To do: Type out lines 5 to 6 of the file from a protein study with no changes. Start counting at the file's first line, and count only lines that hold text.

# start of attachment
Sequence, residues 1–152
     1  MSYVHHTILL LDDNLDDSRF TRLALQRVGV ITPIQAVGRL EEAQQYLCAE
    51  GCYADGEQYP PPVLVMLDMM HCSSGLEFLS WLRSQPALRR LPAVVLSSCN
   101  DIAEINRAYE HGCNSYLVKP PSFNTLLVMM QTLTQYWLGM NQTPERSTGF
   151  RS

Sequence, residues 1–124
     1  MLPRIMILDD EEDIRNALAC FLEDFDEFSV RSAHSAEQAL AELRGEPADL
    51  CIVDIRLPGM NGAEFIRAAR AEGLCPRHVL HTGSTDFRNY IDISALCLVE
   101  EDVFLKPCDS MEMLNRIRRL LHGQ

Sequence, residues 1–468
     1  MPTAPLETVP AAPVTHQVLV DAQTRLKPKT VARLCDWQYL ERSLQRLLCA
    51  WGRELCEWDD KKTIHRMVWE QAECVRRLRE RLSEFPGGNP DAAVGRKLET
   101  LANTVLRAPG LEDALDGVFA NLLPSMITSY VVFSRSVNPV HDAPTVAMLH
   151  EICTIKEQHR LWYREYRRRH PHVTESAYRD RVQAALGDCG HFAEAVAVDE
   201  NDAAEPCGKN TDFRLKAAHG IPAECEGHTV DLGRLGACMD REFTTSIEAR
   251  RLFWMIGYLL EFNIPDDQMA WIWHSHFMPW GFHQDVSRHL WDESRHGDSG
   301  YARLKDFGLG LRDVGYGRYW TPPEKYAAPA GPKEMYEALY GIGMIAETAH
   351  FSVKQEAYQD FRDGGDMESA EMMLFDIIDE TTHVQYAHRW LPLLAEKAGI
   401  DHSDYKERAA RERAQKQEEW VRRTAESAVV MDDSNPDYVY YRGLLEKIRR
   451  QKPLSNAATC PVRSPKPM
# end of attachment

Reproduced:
   151  RS

Sequence, residues 1–124